Many studies have investigated the effect of the Twin block and Bionator appliance on the dental and skeletal variables. However, very few studies have provided a direct comparison of the treatment changes of these appliances as compared to normal growth changes in an untreated Class II sample.

The purpose of the present study was to compare cephalometrically the treatment effects of the Twin block and Bionator appliance on the skeletal and dentoalveolar components. The results of both treatment groups were compared with the untreated Class II sample monitored during a similar period.


  Materials and Methods Top


The total sample consisted of 30 subjects with Class II division 1 malocclusion, of which 13 were male and 17 were female in the age range of 9–14 years. The appropriate ethical approval was obtained from the institutional ethics committee before the study was commenced. Procedures followed were in accordance with the ethical standards of the institutional committee and with the Helsinki Declaration of 1975, as revised in 2000. Informed consent was obtained from all the patients. The criteria for case selection were as follows:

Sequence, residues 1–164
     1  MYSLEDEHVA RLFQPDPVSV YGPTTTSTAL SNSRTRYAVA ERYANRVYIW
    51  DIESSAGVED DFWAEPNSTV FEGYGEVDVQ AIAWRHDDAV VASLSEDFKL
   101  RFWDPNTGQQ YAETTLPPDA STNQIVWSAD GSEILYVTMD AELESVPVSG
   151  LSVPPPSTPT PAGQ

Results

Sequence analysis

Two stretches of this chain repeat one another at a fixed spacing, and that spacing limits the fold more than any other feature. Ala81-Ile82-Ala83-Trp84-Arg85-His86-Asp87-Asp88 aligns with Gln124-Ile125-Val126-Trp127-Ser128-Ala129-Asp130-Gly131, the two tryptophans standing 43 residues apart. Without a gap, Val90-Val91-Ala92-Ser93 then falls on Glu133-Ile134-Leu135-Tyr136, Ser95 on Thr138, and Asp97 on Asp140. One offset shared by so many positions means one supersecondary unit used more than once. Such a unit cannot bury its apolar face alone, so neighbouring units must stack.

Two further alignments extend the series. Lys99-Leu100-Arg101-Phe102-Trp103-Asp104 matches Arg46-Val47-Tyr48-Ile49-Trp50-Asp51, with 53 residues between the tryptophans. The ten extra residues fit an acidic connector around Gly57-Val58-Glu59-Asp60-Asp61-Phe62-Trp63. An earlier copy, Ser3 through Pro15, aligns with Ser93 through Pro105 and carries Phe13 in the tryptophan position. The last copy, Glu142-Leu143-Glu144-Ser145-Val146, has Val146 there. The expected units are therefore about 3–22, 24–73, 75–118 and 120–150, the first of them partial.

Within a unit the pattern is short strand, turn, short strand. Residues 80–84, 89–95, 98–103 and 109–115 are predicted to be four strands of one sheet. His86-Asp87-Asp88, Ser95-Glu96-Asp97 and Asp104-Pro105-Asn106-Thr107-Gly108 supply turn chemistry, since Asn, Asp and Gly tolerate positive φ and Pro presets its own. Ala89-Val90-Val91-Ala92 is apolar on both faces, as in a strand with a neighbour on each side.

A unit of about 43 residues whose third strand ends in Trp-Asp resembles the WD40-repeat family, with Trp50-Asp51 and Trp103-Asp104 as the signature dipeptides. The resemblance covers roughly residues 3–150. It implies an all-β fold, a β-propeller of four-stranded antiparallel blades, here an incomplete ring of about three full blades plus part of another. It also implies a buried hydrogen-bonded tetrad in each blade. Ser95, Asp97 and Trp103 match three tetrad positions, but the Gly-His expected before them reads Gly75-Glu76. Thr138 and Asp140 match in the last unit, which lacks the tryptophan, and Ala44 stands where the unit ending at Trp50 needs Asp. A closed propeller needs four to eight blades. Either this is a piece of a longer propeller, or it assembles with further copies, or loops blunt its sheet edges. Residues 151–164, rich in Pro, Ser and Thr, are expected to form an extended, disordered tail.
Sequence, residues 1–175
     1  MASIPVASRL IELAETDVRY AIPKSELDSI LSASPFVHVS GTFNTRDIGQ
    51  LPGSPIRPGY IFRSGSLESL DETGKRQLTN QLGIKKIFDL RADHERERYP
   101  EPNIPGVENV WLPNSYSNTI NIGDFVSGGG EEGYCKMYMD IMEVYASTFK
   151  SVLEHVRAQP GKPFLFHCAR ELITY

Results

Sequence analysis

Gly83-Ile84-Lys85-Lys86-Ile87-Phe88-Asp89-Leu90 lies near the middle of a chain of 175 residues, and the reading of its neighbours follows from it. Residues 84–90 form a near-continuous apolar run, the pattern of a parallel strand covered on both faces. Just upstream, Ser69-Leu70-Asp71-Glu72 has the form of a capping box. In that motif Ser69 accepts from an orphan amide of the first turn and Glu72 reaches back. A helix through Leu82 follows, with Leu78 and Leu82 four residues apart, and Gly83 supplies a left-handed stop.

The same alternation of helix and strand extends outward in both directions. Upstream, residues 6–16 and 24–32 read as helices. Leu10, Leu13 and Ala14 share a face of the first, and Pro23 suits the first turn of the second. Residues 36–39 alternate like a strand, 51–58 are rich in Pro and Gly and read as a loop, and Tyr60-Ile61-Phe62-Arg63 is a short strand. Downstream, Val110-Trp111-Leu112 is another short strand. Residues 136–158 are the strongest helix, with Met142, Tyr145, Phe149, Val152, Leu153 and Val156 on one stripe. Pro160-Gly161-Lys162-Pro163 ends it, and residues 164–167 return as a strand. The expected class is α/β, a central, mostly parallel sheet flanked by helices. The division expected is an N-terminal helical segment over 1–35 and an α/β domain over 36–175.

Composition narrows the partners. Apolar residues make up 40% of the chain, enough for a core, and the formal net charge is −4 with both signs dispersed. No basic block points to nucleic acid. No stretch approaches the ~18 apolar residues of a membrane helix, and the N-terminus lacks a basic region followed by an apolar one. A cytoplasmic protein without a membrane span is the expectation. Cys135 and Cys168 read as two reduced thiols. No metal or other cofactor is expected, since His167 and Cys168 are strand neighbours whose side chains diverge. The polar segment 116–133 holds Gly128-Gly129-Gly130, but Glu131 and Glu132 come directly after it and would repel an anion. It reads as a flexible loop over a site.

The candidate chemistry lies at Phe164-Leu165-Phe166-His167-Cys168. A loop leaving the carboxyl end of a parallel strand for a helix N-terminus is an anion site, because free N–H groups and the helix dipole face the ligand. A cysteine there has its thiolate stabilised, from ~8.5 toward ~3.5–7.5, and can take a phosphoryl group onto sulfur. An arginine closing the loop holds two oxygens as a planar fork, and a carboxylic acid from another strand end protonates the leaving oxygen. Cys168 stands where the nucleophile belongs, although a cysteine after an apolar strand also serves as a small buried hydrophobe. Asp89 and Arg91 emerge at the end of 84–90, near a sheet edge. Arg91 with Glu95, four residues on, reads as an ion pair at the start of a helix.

1. Each subject had a full cusp Class II or end-on molar relationship bilaterally with a convex facial profile


  2. The overjet was not <5 mm
  3. VTO improved with anterior positioning of mandible
  4. A pretreatment cephalometric analysis revealed an ANB angle of >4° with favorable functional analysis and favorable (horizontal) growth pattern
  5. Subjects who were in prepubertal growth spurt (MP3-G stage) were included in the study.


Samples were divided randomly (block method) into treatment groups and the control group. The treatment group consisted of 20 patients with 10 patients (6 males, 4 females) for Twin block appliance and 10 patients (4 males, 6 females) for Bionator appliance therapy. The control group consisted of 10 patients (3 males, 7 females) and was followed along with the treatment group for 6 months. No orthodontic treatment was performed during this period on the control group.